Special Needs Students: Students with disabilities requiring academic accommodations in this course are encouraged to contact a coordinator at the Paul Menton Centre (PMC) for Students with Disabilities and to make an appointment to meet and discuss your needs with me by January 25, 2005. I will do my best to make reasonable accommodations within the context of the course.

Daily class outline (subject to change)




Jan. 4th



Jan. 9th & 11th

Early Approaches

Anderson (1980), Computer Security Threat Monitoring and Surveillance
Denning (1986), An Intrusion Detection Model

Jan. 16th & 18th

Agents & Cells

Spafford & Zamboni (2000), Intrusion detection using autonomous agents
Forrest, Hofmeyr, & Somayaji (1997), Computer Immunology

Jan. 23rd & 25th

Signature-based Network IDSs

Paxson (1998), Bro: A System for Detecting Network Intruders in Real-Time
Roesch (1999), Snort - Lightweight Intrusion Detection for Networks
Patton, Yurick, & Doss (2001), An Achilles' Heel in Signature-Based IDS: Squealing False Positives in SNORT

Jan. 30th & Feb. 1st


Heberlein et al. (1990), A Network Security Monitor
Hofmeyr & Forrest (1999), Immunity by Design: An Artificial Immune System
Kim & Bentley (2001), An Evaluation of Negative Selection in an Artificial Immune System for Network Intrusion Detection
Balthrop et al. (2002), Revisiting LISYS: Parameters and Normal Behavior

Feb. 6th & 8th

DARPA IDS Evaluation

Lippmann et al. (2000), Analysis and Results of the 1999 DARPA Off-Line Intrusion Detection Evaluation for Detecting Network Intruders in Real-Time
McHugh (2000), Testing Intrusion Detection Systems: A Critique of the 1998 and 1999 DARPA Intrusion Detection System Evaluations as Performed by Lincoln Laboratory
Axelsson (2000), The Base-Rate Fallacy and the Difficulty of Intrusion Detection
Mahoney & Chan (2003), An Analysis of the 1999 DARPA/Lincoln Laboratory Evaluation Data for Network Anomaly Detection
Lippmann et al. (2000), Evaluating Intrusion Detection Systems: The 1998 DARPA Off-line I ntrusion Detection Evaluation (OPTIONAL)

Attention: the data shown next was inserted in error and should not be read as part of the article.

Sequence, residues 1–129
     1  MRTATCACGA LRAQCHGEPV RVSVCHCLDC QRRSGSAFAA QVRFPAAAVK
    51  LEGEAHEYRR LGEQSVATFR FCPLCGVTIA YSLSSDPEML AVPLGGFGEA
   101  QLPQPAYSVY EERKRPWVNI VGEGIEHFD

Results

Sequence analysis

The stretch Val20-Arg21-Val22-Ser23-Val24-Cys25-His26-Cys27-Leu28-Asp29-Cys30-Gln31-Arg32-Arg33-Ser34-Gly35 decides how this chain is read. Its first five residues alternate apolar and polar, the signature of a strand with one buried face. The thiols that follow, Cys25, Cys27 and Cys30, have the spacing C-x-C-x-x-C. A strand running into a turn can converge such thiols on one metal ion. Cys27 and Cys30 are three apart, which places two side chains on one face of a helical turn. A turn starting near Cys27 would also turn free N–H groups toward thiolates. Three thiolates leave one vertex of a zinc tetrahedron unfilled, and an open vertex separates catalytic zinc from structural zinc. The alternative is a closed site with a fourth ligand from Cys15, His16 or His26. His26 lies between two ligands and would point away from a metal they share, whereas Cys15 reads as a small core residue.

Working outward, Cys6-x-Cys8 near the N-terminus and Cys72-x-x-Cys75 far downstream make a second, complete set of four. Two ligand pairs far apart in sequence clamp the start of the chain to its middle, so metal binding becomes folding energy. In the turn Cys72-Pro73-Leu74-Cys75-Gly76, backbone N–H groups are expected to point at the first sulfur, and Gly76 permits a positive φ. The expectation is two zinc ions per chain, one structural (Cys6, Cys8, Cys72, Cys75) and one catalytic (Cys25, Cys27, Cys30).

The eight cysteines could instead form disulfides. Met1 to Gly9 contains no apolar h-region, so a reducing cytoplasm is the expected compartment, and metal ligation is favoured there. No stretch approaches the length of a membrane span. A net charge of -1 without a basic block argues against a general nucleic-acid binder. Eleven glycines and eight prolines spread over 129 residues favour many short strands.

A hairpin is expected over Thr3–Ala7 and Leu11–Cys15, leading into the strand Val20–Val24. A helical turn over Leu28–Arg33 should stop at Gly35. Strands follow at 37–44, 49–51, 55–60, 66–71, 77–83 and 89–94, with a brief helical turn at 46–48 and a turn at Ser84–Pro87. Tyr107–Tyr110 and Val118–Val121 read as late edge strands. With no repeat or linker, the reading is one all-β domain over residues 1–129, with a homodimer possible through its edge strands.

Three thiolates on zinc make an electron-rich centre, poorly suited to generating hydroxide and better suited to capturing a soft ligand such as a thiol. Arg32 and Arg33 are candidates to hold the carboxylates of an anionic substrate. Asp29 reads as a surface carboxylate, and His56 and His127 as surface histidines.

Feb. 13th & 15th

System Calls 1

Forrest et al. (1996), A Sense of Self for Unix Processes
Lee & Stolfo (1998), Data Mining Approaches for Intrusion Detection
Warrender et al. (1999), Detecting Intrusions Using System Calls: Alternative Data Models
Tan & Maxion (2002), "Why 6?": Defining the Operational Limits of stide, an Anomaly-Based Intrusion Detector

Feb. 27th & Mar. 1st

System Calls 2

Wagner & Soto (2002), Mimicry Attacks on Host-Based Intrusion Detection Systems
Wagner & Dean (2001), Intrusion Detection via Static Analysis
Sekar et al. (2001), A Fast Automaton-Based Method for Detecting Anomalous Program Behaviors
Kruegel & Kirda (2005), Automating Mimicry Attacks Using Static Binary Analysis

Mar. 6th & 8th


Somayaji (2002), Operating System Stability and Security through Process Homeostasis

Mar. 13th & 15th


Kim & Karp (2004), Autograph: Toward Automated, Distributed Worm Signature Detection
Singh et al. (2004), Automated Worm Fingerprinting
Wang & Stolfo (2004), Anomalous Payload-Based Network Intrusion Detection
Twycross & Williamson (2003), Implementing and testing a virus throttle

Mar. 20th

App-specific IDSs (no write-up required)

Kruegel et al. (2005), A multi-model approach to the detection of web-based attacks
Li & Somayaji (2005), Securing Email Archives through User Modeling

Mar. 22nd


Class wrap-up discussion

Mar. 27th

Project Presentations (in 5115 HP): Dave, Ervin, Abiola

Mar. 29th

Project Presentations (in 5115 HP): Shaun, Lindy, Thomas

Apr. 3rd

Project Presentations (in 5115 HP): Amir, Preeti, Mohammad

Apr. 5th

Project Presentations (in 5115 HP): Abdulrahman, Chen, Francois

I'm soma at (Use @ to put them together to email me.)